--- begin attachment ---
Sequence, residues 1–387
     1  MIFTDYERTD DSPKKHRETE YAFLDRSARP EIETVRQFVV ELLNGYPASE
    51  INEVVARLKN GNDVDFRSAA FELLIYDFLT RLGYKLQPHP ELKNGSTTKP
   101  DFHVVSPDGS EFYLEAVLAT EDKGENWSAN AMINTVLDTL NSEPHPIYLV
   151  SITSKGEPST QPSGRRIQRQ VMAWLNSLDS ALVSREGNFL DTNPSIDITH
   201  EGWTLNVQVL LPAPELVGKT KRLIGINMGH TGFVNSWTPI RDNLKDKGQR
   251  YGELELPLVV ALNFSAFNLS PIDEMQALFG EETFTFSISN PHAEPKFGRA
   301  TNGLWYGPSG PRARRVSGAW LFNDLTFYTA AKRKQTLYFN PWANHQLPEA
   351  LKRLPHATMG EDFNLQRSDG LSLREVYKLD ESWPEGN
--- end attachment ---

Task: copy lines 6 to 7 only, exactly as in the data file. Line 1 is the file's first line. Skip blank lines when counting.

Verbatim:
   201  EGWTLNVQVL LPAPELVGKT KRLIGINMGH TGFVNSWTPI RDNLKDKGQR
   251  YGELELPLVV ALNFSAFNLS PIDEMQALFG EETFTFSISN PHAEPKFGRA